Behavior Driven Development (BDD)

As companies start the agile maturation process and attempt the move to DevOps, one of the building blocks they need to incorporate is the use of a common language. The use of a common language is implemented in order to prevent teams and team members from misinterpreting (Drift) what their actual deliverables (critical behaviors) are. This common language is then used to drive the development of the CI/CD/DevOps infrastructure (In DevOps we test the infrastructure too) and the automated application testing. In addition, DevOps requires that an adequate test suite of automated tests be built out and that all parties have a high degree of confidence in these tests.

This is where Behavior Driven Development (BDD) and Acceptance Test Driven Development (ATDD) come into play (BDD/ATDD are also known as Specification by Example). BDD/ATDD provide a way to help build confidence in the automated tests, first by expressing all requirements in high-level business terms and then by automating these requirements in a way that provides a set of living/executable documentation detailing both which requirements were requested and how they have been implemented. Going forward, this living documentation provided by the automated specifications provides both a single source of truth about the application’s behavior and also a set of regression tests protecting it against unwanted change.

Behavior Driven Development (BDD) and Acceptance Test Driven Development (ATDD) are also seen as an evolution of Test-Driven Development (TDD) and are intended to make the TDD practice more accessible and intuitive to newcomers and experts alike. It shifts the vocabulary from being test-based to behavior-based, and positions itself as a design philosophy.

 

bdd_cycle

Behavior Driven Development (BDD) is a subset of Test Driven Development (TDD).

Please refer to our BDD course outline page for more information regarding BDD (also known as Specification by Example)

Test Scenario

Behavior Driven Development describes the acceptance criteria in terms of scenarios, which take the following form:

Given some initial context (the givens),
When an event occurs,
then ensure some outcomes.

A story’s behaviour is simply its acceptance criteria – if your system fulfills all the acceptance criteria, it’s behaving correctly; if it doesn’t, it isn’t. In Behavior Driven Development the acceptance criteria is described in terms of scenarios.

Behavior Testing

Lets take a look at an example, let’s use the example of a Subway Ticket machine. A story card might look like this:

Title: Customer withdraws subway ticket
As a customer
I want to withdraw subway ticket from the machine,
so that I don’t have to wait in line at the ticket office.

So how do we know when we have delivered this story? There are several scenarios to consider: the machine must have tickets, the customer must provide payment, the customer must provide trip details. Of course, there will be other scenarios.

Using the given-when-then template, the first two scenarios might look like this:

Scenario 1: Machine has tickets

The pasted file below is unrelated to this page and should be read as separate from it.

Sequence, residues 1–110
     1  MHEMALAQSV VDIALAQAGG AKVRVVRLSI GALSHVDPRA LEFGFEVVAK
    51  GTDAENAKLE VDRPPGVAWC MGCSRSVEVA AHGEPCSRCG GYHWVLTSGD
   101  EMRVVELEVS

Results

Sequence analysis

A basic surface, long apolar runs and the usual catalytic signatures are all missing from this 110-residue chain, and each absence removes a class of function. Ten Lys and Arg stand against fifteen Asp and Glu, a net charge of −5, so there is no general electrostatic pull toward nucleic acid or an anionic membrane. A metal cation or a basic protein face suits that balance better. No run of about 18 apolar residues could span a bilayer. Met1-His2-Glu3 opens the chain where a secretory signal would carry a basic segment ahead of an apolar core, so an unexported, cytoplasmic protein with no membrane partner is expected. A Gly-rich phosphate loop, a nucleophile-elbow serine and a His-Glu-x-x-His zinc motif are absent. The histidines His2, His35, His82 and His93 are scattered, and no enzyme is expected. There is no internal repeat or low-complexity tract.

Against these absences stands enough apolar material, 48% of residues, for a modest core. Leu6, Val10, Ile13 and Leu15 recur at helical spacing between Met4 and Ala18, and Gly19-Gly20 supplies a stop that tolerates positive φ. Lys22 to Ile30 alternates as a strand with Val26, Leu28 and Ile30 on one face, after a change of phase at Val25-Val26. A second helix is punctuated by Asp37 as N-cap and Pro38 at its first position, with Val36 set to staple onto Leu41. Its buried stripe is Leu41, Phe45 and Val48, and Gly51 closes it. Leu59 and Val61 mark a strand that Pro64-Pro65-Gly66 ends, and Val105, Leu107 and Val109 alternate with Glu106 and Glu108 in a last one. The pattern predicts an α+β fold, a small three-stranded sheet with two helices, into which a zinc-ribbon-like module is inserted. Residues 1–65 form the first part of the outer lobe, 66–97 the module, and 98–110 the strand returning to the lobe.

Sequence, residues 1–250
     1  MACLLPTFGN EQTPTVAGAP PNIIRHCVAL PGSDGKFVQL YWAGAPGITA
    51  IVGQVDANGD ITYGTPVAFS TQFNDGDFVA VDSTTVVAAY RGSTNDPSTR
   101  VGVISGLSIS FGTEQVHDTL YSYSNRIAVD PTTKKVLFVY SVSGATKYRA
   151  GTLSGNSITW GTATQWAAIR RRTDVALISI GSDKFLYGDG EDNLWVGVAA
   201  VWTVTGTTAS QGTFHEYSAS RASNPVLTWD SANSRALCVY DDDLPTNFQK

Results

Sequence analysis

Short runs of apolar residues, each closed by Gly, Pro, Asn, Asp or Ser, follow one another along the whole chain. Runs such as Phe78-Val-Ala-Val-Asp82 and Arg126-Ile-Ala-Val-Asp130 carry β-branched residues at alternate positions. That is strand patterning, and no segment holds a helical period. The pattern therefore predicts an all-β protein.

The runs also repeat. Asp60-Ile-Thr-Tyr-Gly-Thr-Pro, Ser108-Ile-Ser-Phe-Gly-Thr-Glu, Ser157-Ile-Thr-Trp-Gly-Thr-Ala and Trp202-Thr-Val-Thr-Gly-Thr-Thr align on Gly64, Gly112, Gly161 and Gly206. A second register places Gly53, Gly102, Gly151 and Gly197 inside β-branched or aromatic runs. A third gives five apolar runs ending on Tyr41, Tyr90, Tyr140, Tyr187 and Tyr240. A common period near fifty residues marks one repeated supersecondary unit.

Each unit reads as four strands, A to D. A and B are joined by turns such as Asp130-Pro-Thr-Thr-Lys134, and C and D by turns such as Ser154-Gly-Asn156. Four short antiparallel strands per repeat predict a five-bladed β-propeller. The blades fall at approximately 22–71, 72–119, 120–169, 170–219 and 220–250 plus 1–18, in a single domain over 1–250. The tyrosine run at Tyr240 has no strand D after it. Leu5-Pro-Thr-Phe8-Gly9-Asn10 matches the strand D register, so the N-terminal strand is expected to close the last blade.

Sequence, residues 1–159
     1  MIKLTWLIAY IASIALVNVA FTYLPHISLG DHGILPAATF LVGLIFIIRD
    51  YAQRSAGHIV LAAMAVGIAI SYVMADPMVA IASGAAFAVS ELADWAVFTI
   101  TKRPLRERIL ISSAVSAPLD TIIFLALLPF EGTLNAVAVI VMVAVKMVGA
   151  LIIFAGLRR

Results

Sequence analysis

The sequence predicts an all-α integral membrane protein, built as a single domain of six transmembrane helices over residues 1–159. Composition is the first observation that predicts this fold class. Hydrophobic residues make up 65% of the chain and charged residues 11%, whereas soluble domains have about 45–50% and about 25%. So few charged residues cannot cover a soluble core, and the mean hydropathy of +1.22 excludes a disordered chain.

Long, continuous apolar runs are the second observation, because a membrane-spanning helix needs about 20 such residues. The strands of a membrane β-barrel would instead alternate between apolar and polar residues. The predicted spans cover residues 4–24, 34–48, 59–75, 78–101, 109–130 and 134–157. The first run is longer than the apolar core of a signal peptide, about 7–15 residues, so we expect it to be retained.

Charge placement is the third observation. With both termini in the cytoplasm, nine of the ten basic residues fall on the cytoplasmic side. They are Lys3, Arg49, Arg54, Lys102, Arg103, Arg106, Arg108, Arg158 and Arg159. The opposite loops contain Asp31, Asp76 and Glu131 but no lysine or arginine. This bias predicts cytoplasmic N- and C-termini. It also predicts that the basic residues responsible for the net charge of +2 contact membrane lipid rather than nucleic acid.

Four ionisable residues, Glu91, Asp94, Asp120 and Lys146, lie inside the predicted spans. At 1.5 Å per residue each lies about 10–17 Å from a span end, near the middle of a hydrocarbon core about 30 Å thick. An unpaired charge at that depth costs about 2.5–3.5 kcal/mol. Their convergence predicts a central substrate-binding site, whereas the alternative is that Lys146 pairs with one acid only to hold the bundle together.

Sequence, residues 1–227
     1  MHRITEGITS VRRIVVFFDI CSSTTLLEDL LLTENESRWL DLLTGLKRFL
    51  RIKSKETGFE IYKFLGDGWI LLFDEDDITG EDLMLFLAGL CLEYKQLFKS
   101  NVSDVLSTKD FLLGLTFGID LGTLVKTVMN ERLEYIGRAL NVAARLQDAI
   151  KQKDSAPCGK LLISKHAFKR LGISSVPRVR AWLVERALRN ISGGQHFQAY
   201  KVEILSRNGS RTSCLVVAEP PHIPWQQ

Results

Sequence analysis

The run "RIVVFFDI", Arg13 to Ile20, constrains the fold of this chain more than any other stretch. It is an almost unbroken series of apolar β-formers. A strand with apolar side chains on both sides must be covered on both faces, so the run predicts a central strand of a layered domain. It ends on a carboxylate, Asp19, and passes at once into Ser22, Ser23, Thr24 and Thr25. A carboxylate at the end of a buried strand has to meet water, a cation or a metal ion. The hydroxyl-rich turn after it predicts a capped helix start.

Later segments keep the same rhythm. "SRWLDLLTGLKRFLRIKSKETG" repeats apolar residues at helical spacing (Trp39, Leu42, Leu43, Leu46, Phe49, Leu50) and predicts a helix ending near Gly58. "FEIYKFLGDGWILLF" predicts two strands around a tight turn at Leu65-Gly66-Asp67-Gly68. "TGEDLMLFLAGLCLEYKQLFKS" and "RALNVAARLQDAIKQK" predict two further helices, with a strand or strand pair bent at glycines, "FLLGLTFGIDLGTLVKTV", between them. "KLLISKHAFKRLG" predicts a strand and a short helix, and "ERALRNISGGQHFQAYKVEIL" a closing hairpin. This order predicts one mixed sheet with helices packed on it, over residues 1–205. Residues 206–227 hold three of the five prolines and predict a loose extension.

Given the machine has tickets
And the customer provides trip details
And the customer provides an acceptable form of payment
When the customer requests the ticket
Then ensure the ticket is dispensed
And ensure the payment is debited
And ensure the ticket works

Notice the use of “and” to connect multiple givens or multiple outcomes in a natural way.

Scenario 2: Machine is out of tickets
Given the machine is out of tickets
And the customer provides trip details
And the customer provides an acceptable form of payment
When the customer requests the ticket
Then ensure an out of tickets message is displayed
And ensure the payment is not debited

Both scenarios are based on the same event and even have some givens and outcomes in common. We want to capitalize on this by reusing givens, events, and outcomes.

To see an example of using Behavior Driven Development inside of a Selenium Test please see our demo using JBehave with Selenium.

 

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XBDD is a tool to unite automated and manual test efforts. XBDD is a reporting tool that uses a combination of Cucumber json reports augmented with data from humans.

 

logo-jbehave

JBehave is a framework for Behaviour-Driven Development (BDD). BDD is an evolution of test-driven development (TDD) and acceptance-test driven design, and is intended to make these practices more accessible and intuitive to newcomers and experts alike. It shifts the vocabulary from being test-based to behaviour-based, and positions itself as a design philosophy.

 

logo-cucumber

Cucumber is a tool that executes plain-text functional descriptions as automated tests. The language that Cucumber understands is called Gherkin. While Cucumber can be thought of as a “testing” tool, the intent of the tool is to support BDD. This means that the “tests” (plain text feature descriptions with scenarios) are typically written before anything else and verified by business analysts, domain experts, etc. non technical stakeholders. The production code is then written outside-in, to make the stories pass.

 

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Spinach is a high-level BDD framework that leverages the expressive Gherkin language (used by Cucumber) to help you define executable specifications of your application or library’s acceptance criteria.

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